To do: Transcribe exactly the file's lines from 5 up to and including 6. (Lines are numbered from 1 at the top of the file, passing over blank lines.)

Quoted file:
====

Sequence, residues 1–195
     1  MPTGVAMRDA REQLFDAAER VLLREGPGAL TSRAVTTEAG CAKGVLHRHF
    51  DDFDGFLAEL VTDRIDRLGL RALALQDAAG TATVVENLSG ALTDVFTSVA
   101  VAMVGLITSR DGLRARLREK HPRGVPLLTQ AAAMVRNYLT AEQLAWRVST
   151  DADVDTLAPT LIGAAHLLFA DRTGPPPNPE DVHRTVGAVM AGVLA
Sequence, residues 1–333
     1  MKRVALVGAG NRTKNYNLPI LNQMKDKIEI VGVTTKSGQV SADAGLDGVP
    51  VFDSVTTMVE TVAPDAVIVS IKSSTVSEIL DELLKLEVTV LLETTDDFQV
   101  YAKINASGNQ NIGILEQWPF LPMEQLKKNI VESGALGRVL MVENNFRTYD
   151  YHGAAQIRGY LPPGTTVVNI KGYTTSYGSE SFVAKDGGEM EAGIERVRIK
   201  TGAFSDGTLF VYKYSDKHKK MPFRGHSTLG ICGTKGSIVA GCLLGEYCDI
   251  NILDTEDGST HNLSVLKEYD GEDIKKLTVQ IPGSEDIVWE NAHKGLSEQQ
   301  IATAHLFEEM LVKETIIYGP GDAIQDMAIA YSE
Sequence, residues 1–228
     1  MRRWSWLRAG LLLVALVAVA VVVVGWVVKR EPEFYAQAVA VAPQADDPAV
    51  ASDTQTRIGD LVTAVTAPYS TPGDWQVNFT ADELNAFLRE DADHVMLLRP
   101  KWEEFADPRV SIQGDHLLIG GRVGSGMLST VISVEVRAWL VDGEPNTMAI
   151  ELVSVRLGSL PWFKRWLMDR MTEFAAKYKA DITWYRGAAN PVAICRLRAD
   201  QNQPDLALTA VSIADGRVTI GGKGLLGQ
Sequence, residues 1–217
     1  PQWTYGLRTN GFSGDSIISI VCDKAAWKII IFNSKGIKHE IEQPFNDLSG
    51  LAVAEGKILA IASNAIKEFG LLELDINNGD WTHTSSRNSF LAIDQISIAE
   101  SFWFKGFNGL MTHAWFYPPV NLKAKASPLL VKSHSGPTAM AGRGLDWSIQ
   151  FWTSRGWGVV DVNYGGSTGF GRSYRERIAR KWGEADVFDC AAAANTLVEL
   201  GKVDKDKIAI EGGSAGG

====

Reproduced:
   151  DADVDTLAPT LIGAAHLLFA DRTGPPPNPE DVHRTVGAVM AGVLA
Sequence, residues 1–333